Nigeria’s Four Oil Refineries Lost N406.62bn in Two Years

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Nigeria’s four official oil refineries lost a total of N406.62 billion within two years according to reports from the latest financial audit of Nigeria’s oil assets.

According to the report, the refineries located in Port Harcourt, Warri and Kaduna have continued to operate below their joint production capacity of 445,000 barrels per day despite the millions spent in revamping and keeping them afloat.

The report said further that Nigeria continues to rely on importation of petroleum products to make up for the loss in local production.

The refinery in Kaduna lost N64.34bn in 2018 compared to the loss of 111.89bn in 2017. The Warri refinery lost N44.44bn in 2018 and N84.60bn in 2017. While the plants in Port Harcourt also lost N45.59bn in 2018 and N55.76bn in 2017.

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During a summit organized by Seplat, the Group Managing Director of the NNPC, Mallam Mele Kyari confessed that all the oil refining facilities were idle and the government was importing all the petroleum products needed in the country.

Kyari said; “Today, unfortunately, all our four refineries are down. In Nigeria today, we are importing practically every petroleum product that we consume in this country. We are working to make sure that we are able to fix our refineries.”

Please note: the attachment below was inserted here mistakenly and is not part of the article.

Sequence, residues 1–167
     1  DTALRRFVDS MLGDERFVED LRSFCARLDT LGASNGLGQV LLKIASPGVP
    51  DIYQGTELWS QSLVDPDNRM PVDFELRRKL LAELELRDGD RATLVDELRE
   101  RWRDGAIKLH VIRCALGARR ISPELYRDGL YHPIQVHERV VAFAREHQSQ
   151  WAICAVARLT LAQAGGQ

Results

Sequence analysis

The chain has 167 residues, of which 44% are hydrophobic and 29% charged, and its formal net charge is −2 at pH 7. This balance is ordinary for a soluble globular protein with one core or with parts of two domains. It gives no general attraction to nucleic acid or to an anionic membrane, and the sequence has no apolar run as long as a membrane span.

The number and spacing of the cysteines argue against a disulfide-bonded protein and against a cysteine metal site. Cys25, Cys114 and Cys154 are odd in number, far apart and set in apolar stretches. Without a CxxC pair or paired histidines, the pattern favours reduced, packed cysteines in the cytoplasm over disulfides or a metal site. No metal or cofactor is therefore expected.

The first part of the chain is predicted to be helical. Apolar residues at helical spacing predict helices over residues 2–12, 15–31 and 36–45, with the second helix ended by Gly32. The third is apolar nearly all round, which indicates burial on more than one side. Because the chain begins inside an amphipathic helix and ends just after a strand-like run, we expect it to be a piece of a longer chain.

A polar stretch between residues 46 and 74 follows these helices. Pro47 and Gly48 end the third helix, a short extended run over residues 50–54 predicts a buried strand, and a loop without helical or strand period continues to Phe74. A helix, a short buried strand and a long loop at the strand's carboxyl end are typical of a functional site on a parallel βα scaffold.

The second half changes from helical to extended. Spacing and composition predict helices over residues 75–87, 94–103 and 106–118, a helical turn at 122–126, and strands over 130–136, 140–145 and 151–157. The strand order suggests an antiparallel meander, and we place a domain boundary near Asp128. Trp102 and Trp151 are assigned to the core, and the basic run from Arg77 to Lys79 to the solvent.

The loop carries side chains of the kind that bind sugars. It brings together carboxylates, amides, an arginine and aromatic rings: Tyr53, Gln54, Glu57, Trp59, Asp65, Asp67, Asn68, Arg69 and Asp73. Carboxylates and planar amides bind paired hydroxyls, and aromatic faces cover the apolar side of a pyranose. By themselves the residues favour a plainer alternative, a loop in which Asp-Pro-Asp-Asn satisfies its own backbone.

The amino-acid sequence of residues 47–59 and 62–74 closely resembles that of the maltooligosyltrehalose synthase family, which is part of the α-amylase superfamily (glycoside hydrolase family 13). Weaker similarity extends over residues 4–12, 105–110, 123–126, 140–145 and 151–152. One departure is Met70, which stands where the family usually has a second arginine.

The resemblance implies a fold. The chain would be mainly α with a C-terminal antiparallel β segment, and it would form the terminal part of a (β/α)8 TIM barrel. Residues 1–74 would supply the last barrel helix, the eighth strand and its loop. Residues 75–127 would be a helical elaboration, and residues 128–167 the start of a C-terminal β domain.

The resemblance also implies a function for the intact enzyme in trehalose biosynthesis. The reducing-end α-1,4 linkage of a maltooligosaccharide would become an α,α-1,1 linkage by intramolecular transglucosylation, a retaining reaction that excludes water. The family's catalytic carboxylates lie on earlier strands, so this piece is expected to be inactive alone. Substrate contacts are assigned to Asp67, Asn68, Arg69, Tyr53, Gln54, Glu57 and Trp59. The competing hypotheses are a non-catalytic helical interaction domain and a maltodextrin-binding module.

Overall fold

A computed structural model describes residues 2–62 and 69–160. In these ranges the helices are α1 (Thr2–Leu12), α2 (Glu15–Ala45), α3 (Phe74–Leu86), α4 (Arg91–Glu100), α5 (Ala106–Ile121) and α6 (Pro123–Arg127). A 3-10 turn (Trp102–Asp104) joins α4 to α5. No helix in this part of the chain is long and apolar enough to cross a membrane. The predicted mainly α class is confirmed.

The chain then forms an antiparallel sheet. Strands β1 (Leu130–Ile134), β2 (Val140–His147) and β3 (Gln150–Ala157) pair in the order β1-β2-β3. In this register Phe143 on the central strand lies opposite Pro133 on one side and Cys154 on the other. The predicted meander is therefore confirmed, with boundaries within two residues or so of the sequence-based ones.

The present state of the refineries defies the resolve of the Buhari administration which promised to revamp the ailing refineries and stop fuel importation by 2023. The plan was to restore the refining capacity of the plants by at least 90 percent through the use of third party financiers as well as the original refinery contractors for funding and technical support.

The plan however stalled due to the inabilities of all parties involved to come to terms on key commercial agreements, including issues about the market structure.

According to Mele Kyari, when he took over as GMD of the NNPC in July 2019, the corporation was pursuing a different path towards the revamping of the refineries where the NNPC would no longer be in charge of the refineries after their rehabilitation.

He said a company would be contracted to oversee the refineries upon rehabilitation while the deregulation of the downstream petroleum sector would enable private investment in the construction of refineries.

For decades, the Nigerian government has refused to acknowledge individual refining which is often carried out by oil thieves. Rather than use the technology, the Nigerian government destroys these small refineries while it continues to run its own oil facilities at a loss and import petroleum products.

Although the Federal government has issued a total of 44 licenses for the private construction of refining facilities over the years, very few investors are active in the sector, including Denote who is building a 650,000 barrel per day refinery in Lagos.

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